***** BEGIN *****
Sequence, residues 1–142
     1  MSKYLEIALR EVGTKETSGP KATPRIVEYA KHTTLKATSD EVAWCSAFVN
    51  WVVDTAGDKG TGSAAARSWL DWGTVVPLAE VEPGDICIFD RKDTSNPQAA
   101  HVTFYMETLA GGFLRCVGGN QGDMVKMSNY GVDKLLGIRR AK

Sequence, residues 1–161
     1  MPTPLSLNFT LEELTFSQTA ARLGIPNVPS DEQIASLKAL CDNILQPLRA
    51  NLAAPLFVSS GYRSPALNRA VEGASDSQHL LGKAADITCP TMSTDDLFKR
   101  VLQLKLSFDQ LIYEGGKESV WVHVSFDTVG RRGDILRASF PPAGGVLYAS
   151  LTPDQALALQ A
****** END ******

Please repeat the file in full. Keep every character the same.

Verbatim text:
Sequence, residues 1–142
     1  MSKYLEIALR EVGTKETSGP KATPRIVEYA KHTTLKATSD EVAWCSAFVN
    51  WVVDTAGDKG TGSAAARSWL DWGTVVPLAE VEPGDICIFD RKDTSNPQAA
   101  HVTFYMETLA GGFLRCVGGN QGDMVKMSNY GVDKLLGIRR AK

Sequence, residues 1–161
     1  MPTPLSLNFT LEELTFSQTA ARLGIPNVPS DEQIASLKAL CDNILQPLRA
    51  NLAAPLFVSS GYRSPALNRA VEGASDSQHL LGKAADITCP TMSTDDLFKR
   101  VLQLKLSFDQ LIYEGGKESV WVHVSFDTVG RRGDILRASF PPAGGVLYAS
   151  LTPDQALALQ A